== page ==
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These RMC raptors really are quite striking to see in person. They don't even look real.

 

As a consolation prize, I had another RMC waiting for me across the park in Iron Rattler. The line was packed. However, I breezed right by it. How? I noticed on my Six Flags Season Pass benefits that I had a one-time Flash Pass to redeem. I grabbed my golden ticket and the prize was better than the tour of a booby trapped chocolate factory.

 

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My golden ticket.

 

Impulsively I went to enter the queue for the back row, but then I realized it was blocked off on one train. An inconvenience for sure, but I’d rather have a train running at 5/6 capacity rather than being without the train entirely. As a result, I was able to sneak onto the 2nd to back row in just a few trains.

 

Maybe Steel Vengeance will change my opinion, but Iron Rattler is the crown jewel of steel RMCs. That first drop is absolutely insane. I cannot believe a drop that tall and steep manages to have an s-curve to it. As the drop completely ejects you, Iron Rattler contorts your body side-to-side like a marionette. That sounds uncomfortable, but it isn’t the least bit. It’s just a thrill and one of the best drops on the planet.

 

Everyone always talks about Iron Rattler’s first drop and quarry drop (basically the ride’s equivalent of the El Toro Rolling Thunder hill), but the rest of the coaster is incredible too. The second hill has some sustained ejector air. The trademark RMC wave turn somehow provides airtime and then there’s a wild zero-G roll. And then even the section above the quarry is excellent too.

 

Most of the complaints towards Iron Rattler focus on this section. Yes it’s notably slower than the rest of the coaster, but it is no less intense. There are some strong airtime hills here. Actually the slower speed may help prolong the airtime on some hills, particularly the sideways ones. Oh and I almost forgot, even the hill into the brake run provides an unexpected mix of ejector air and laterals. This really is an exceptional coaster. 10 out of 10

 

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It's hard for me not to think of that cruddy Disney movie Blank Check even time I see this entrance.

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While I sort of wish I could have experienced the original Rattler's first drop, I think this will suffice.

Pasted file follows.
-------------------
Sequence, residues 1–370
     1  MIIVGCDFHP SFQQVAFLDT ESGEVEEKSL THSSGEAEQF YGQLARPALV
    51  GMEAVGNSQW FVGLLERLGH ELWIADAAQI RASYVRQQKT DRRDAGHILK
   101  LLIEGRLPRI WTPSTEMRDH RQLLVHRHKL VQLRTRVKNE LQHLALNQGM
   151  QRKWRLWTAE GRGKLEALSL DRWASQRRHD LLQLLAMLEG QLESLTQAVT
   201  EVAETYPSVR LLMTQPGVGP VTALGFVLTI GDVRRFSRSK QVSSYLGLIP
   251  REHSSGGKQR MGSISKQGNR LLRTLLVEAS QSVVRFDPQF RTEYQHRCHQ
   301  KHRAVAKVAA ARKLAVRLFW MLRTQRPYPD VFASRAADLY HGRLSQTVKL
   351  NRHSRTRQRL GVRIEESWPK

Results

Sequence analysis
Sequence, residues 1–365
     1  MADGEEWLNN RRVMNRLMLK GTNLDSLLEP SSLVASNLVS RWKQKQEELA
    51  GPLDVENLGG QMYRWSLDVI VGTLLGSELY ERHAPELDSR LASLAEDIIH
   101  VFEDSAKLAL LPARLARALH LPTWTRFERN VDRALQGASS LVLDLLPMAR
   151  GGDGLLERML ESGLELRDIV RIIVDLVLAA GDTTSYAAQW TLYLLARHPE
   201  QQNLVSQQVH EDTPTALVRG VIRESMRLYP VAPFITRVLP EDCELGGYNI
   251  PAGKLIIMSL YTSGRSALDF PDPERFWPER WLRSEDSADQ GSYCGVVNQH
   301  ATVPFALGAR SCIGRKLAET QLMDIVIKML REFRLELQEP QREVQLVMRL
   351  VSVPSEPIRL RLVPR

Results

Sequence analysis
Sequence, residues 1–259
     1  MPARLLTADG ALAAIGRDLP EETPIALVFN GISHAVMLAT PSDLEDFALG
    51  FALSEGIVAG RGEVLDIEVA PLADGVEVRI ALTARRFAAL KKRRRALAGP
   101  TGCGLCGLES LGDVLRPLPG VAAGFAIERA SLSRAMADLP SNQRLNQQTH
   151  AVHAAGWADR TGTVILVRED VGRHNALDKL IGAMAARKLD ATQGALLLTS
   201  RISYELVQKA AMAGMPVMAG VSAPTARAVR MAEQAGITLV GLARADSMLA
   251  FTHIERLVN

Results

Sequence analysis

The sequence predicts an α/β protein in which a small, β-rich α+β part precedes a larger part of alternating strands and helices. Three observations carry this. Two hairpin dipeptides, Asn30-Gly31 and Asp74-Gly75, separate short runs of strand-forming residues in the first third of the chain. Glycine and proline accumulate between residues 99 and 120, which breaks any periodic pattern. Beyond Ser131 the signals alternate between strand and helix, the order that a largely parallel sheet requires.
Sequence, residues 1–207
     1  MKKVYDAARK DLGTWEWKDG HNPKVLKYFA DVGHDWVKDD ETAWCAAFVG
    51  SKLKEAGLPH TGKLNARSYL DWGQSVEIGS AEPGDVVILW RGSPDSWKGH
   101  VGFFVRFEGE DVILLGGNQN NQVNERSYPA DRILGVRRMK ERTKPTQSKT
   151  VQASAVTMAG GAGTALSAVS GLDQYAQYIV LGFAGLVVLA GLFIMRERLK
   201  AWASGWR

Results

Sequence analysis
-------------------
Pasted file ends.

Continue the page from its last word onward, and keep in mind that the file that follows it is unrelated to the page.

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Any coaster interacting with a quarry wall becomes memorable. But when it's a RMC, it's near perfection.

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I love Iron Rattler's sprawling layout. It's a nice change from relatively contained RMCs.

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SFTT's answer to El Toro's Rolling Thunder hill.

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Even the entry into the brake run has stronger air than most coasters.

 

I figured I’d hit Road Runner Express, but unfortunately it was down for the entire weekend. Instead I took advantage of the fact that Texans thought that 75 degrees was cold and rode Bugs’ White Water Rapids, the park’s unique flume. Last year, the 105 degree heat had this line spilling out into the midway, but on this day, I only had a 10-15 minute wait.

 

Rather than the inline seating of most flumes, this is one of those super flumes a la Magic Kingdom’s Splash Mountain. It even includes a wonky first drop with a pseudo double down and an uphill section afterwards. But that’s just an appetizer for the final plunge. It’s steep enough that it produces a nice pop of air, always a thrill on a flume.

 

The drops barely got me wet, yet I came off just a smidge below soaked. After the first drop, there’s a dragon that shoots a steady jet of water like a Super Soaker wielded by your younger brother. That got me pretty wet, but the real soaker were the turns. The turns? Yes, the turns. They look innocent, but several sent a wall of water over the side of the boat. I guess that’s why it’s called Bugs’ White Water Rapids instead of Bugs’ Log Flume. 9 out of 10

 

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Theming beyond just a cardboard cutout? A+ for you Six Flags Fiesta Texas!